Despite improvements in cybersecurity, hackers stay a step ahead exploiting any vulnerability they could find. However, it's not general consumers or enterprises, more often than not, government agencies fall victim to their sophisticated attacks.
In a recent cyber attack, a hacker managed to infiltrate an unnamed federal agency using valid access credentials and managed to steal data, the Cybersecurity & Infrastructure Security Agency (CISA) revealed on September 24.
To begin with, the hacker planted a custom malware (inetinfo.exe) in the agency's network that went undetected. Once in the system, the hacker used compromised Microsoft Office 365 credentials to log into accounts.
While CISA didn't clarify how the hacker gained access to the agency's network, it said it was possible that the attacker exploited a vulnerability in Pulse Secure VPN (virtual private network) that was noticed in April 2019.
The vulnerability allows an attacker to retrieve credentials, files including passwords remotely. Pulse had released a fix in April 2019 but the agency hadn't installed the patch. The hacker could also retrieve domain administrator passwords and logged in and searched for email attachments with "Intranet Access" and "VPN passwords" in the email subject line. As per CISA, the attacker also searched for local Active Directory and modified settings to evaluate the agency's internal network structure.
The hacker also installed an SSH tunnel and SOCKS proxy using the custom malware that could drop files in different stages and allowed a way back to the network. The threat actor then connected a hard drive to the agency's network and mounted it as a local remote share.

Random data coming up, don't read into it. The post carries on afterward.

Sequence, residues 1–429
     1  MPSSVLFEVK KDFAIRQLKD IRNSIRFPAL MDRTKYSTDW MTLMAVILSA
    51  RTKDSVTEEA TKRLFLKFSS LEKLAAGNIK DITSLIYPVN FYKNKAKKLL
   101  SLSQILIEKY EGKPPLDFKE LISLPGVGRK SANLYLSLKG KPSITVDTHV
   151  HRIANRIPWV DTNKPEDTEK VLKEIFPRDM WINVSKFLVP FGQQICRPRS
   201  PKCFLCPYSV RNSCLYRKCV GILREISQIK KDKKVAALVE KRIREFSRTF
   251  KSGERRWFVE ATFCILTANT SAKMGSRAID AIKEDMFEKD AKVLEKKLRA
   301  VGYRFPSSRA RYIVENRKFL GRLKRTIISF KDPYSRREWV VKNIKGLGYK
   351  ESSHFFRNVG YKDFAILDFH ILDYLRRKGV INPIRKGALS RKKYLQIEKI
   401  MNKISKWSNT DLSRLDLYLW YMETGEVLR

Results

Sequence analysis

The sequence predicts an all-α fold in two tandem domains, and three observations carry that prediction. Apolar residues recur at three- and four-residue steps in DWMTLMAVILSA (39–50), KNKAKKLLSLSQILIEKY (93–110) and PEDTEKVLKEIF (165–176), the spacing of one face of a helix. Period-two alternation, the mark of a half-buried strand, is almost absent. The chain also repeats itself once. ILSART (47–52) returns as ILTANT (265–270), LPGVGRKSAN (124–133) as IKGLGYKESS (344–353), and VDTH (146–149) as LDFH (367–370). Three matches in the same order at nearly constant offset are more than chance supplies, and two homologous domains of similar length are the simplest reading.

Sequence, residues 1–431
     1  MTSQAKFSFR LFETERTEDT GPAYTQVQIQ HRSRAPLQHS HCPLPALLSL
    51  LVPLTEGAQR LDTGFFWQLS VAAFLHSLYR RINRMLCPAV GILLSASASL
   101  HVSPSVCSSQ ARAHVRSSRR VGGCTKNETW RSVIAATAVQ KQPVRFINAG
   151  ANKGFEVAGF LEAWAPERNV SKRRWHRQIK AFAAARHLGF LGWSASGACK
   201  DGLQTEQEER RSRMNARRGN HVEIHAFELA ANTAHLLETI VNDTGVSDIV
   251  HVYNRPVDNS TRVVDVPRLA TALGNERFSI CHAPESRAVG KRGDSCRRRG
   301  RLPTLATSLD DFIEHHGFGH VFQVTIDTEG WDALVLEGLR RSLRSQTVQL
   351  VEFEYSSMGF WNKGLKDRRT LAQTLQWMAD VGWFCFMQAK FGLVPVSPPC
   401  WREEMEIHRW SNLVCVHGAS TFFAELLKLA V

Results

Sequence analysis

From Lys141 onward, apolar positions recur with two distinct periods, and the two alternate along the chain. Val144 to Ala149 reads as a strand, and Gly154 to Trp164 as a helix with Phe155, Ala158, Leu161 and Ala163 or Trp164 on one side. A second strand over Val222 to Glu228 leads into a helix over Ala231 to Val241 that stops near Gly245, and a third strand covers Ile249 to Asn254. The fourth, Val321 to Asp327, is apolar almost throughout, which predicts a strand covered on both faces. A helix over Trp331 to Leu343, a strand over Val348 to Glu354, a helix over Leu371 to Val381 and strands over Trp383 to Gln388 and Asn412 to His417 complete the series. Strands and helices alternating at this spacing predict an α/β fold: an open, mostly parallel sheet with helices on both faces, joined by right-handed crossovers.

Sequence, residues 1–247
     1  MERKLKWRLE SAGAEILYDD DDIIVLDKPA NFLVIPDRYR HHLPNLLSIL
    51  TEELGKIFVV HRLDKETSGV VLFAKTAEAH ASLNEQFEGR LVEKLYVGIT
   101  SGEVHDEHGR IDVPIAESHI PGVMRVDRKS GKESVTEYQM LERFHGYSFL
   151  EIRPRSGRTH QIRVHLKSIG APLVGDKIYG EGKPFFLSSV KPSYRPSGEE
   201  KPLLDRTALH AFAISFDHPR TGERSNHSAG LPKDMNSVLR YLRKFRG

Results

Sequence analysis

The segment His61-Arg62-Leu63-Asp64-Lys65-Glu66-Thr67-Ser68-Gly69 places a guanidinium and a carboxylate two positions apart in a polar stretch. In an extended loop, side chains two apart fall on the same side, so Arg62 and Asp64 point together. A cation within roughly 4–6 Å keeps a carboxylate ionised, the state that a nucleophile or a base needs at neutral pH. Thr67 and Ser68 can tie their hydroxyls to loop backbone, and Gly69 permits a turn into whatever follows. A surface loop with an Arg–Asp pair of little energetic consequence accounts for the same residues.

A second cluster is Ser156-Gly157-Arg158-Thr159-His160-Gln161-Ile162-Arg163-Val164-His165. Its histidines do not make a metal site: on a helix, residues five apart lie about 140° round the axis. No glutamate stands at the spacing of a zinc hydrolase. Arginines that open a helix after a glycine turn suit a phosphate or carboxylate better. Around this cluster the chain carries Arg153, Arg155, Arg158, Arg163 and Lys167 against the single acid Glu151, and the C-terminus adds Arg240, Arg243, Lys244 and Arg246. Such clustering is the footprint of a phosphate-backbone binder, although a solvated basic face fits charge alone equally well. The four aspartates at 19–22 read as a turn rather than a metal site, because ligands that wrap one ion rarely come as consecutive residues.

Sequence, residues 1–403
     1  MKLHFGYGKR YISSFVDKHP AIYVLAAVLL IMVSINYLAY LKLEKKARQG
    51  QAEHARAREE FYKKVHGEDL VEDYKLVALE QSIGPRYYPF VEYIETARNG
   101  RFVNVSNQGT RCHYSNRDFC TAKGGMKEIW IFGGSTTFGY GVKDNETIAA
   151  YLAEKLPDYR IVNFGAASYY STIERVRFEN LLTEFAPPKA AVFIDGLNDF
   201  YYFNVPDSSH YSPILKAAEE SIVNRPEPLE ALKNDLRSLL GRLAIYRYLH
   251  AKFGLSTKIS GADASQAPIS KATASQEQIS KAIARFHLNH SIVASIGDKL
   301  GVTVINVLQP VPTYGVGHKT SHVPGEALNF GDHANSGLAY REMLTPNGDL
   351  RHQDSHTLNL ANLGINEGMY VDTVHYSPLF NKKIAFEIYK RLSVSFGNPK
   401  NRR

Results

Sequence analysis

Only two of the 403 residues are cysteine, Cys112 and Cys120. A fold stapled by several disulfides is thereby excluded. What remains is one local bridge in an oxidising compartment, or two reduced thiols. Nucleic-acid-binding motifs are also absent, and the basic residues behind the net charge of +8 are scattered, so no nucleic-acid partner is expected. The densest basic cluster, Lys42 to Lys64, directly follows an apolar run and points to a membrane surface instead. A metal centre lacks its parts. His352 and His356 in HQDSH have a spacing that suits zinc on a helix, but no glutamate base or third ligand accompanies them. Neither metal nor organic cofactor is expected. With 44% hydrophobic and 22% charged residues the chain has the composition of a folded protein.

EINSTEIN Helped in Detection
The CISA was finally able to notice the breach thanks to EINSTEIN, its intrusion detection system that monitors all federal civilian networks. Through the system, CISA found that the hacker created a local account to browse server directories, copy files to the locally mounted drive and run Windows PowerShell commands.
While the investigators couldn't say for sure if the hacker was able to steal data but since the file or files were compressed and copied to the locally mounted hard drive, it was possible that the attacker could exfiltrate data.
The mounted file share allowed the actor to freely move during its operations while leaving fewer artifacts for forensic analysis," CISA said in its report. "It is likely that the cyber threat actor exfiltrated these Zip files, but this cannot be confirmed because the actor masked their activity."
Last week, CISA, the cybersecurity wing of the U.S. Homeland Security also warned of a critical Windows vulnerability that allowed hackers one-click access to servers. The Zerologon vulnerability was detected in the Windows server edition and could be exploited to steal data from compromised systems or networks.